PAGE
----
“Don’t let aggressive bailiffs ruin your Christmas, know your rights” Says Steve McCabe MP

Steve McCabe MP advises constituents to know their rights when it comes to being confronted with unreasonable bailiffs and warns that bailiffs are not permitted to visit people’s homes on Christmas Day.

Steve has made it clear that people should know their rights and not be intimidated by bailiffs who aren’t following their code of conduct.

Steve has been contacted by constituents over the Christmas period regarding the hostile and aggressive treatment they have received from bailiffs, despite their efforts to pay back their debt. Constituents have told Steve that they feel bailiffs are obstructive and uncooperative. As a result, people who are already struggling with their debts this Christmas have been plunged into a situation where the amount they owe is increasing with less and less of a chance of repaying.

Steve McCabe MP said:

“I’m worried that people who are trying to pay back their debts are being plunged further into debt which is why it’s really important that people know their rights. Bailiffs aren’t allowed to come to your house on Christmas Day. Families are really struggling with the cost of living crisis and Christmas is an expensive time of the year for many people which is why I’m offering advice to my constituents.”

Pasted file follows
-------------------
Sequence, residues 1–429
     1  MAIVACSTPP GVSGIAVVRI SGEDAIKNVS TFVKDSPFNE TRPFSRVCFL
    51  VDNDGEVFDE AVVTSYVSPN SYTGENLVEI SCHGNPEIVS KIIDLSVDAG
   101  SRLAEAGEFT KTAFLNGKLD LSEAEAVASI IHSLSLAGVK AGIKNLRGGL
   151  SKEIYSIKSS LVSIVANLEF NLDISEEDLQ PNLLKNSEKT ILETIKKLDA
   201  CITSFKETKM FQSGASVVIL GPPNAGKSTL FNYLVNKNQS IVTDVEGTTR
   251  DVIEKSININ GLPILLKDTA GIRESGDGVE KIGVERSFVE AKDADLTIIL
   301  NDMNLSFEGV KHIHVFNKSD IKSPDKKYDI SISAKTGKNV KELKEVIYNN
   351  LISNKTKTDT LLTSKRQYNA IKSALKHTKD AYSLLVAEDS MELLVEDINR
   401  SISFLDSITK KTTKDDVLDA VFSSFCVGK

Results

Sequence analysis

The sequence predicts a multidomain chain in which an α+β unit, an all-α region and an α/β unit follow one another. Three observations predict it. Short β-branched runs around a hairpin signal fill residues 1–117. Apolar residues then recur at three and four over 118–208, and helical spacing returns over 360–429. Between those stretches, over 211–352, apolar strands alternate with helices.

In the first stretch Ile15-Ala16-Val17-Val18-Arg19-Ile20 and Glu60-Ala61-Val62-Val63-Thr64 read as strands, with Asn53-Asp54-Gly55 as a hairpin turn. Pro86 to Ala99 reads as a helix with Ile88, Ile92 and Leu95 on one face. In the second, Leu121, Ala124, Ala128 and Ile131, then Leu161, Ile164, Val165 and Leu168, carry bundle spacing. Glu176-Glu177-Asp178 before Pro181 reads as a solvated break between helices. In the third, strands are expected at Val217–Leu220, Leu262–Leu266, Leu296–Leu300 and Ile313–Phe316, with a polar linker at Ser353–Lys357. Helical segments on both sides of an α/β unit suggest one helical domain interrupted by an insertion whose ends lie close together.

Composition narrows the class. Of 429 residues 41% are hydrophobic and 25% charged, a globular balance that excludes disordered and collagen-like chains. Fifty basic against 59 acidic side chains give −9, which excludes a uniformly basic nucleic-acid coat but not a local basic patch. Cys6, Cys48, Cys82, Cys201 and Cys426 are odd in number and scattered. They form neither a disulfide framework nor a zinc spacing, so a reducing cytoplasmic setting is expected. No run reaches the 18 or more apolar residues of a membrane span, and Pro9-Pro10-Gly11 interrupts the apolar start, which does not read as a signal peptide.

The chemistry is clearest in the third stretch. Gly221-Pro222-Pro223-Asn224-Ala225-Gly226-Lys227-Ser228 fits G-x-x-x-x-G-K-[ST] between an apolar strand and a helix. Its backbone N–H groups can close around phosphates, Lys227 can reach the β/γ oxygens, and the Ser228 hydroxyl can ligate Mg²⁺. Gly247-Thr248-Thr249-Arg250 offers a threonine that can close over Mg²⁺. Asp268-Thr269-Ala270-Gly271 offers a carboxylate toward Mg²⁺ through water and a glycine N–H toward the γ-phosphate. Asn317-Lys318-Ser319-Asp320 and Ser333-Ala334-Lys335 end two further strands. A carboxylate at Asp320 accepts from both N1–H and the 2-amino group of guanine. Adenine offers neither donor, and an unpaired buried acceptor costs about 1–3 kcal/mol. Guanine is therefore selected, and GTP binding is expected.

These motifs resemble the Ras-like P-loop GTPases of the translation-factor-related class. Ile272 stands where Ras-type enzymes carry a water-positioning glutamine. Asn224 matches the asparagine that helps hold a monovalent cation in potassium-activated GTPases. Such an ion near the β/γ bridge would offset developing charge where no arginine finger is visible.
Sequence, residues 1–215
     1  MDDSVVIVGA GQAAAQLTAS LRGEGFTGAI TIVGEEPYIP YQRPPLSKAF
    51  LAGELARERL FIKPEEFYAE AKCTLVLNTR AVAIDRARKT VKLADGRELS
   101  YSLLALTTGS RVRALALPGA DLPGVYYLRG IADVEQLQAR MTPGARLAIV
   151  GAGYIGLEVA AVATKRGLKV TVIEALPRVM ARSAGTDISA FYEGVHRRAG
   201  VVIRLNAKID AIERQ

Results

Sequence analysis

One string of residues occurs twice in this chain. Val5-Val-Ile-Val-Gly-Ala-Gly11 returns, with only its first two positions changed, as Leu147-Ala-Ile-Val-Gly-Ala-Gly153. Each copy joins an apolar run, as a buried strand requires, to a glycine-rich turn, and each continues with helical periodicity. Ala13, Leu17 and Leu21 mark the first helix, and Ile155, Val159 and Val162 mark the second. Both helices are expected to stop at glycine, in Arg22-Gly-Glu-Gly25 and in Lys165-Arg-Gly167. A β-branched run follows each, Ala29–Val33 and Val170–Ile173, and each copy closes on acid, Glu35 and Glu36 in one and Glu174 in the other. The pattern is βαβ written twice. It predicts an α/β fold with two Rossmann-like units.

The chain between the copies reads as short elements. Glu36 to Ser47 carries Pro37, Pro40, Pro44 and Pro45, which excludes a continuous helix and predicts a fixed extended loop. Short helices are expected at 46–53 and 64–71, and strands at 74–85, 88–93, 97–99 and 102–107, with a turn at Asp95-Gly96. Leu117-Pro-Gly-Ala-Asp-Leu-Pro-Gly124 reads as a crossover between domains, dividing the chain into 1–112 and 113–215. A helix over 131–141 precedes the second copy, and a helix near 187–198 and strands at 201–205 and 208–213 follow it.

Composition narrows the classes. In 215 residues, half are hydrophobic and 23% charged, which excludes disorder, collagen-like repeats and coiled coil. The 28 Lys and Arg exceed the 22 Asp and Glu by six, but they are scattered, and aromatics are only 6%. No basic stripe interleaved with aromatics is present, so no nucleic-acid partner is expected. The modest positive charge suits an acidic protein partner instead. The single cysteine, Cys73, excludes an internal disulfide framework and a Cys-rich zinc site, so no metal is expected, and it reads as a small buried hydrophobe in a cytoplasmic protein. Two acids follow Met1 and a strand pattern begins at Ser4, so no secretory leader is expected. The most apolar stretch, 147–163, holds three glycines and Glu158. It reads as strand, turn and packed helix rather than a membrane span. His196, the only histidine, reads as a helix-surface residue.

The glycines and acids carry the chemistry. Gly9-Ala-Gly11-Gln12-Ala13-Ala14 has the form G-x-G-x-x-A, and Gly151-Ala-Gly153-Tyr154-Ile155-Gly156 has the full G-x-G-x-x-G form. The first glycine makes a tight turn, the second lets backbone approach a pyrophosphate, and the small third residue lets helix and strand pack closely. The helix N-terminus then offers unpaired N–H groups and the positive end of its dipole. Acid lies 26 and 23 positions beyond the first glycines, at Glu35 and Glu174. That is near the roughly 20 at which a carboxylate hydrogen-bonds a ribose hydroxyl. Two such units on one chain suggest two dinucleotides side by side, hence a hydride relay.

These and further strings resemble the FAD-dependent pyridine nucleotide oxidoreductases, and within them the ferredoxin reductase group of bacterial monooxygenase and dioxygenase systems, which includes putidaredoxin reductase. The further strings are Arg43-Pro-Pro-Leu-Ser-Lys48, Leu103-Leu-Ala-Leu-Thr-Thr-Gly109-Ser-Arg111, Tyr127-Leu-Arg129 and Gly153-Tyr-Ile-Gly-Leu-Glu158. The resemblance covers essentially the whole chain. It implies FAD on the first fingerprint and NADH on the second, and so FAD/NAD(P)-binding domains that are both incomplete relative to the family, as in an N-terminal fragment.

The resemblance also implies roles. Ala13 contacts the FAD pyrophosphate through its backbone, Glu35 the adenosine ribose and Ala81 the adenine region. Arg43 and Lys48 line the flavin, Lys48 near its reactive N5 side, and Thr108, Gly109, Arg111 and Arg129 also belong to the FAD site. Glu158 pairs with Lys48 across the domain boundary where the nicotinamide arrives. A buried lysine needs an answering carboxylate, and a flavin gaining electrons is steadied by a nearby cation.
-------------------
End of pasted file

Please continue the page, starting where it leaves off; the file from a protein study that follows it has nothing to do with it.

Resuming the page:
Advice for people who are faced with bailiff action:

- Bailiffs are only permitted to charge a set fee as set out by the law; £75 for writing to inform you of an enforcement notice, £235 for a home visit    and £110 for removing and selling goods that were seized during the home visit

- Bailiffs enforcement fees can only be charged once regardless of the number of enforcement visits they make

- Bailiffs must usually give you at least 7 days’ notice of their first visit.

- Bailiffs are not allowed to enter your home on Christmas day, bank holidays or before 6am and after 9pm

- You do not have to allow bailiffs to enter your property on their first visit

- Bailiffs should try peaceful entry and are not allowed to use force to enter your home

- Before you pay a bailiff or allow them to gain entry, you should ask for proof of ID and a detailed breakdown of the charges

- Bailiffs are not allowed to seize items which belong to someone else, rented goods, fixtures and fittings or your clothes

For information on bailiffs and citizens’ rights visit: https://www.gov.uk/your-rights-bailiffs/what-you-can-do-when-a-bailiff-visits

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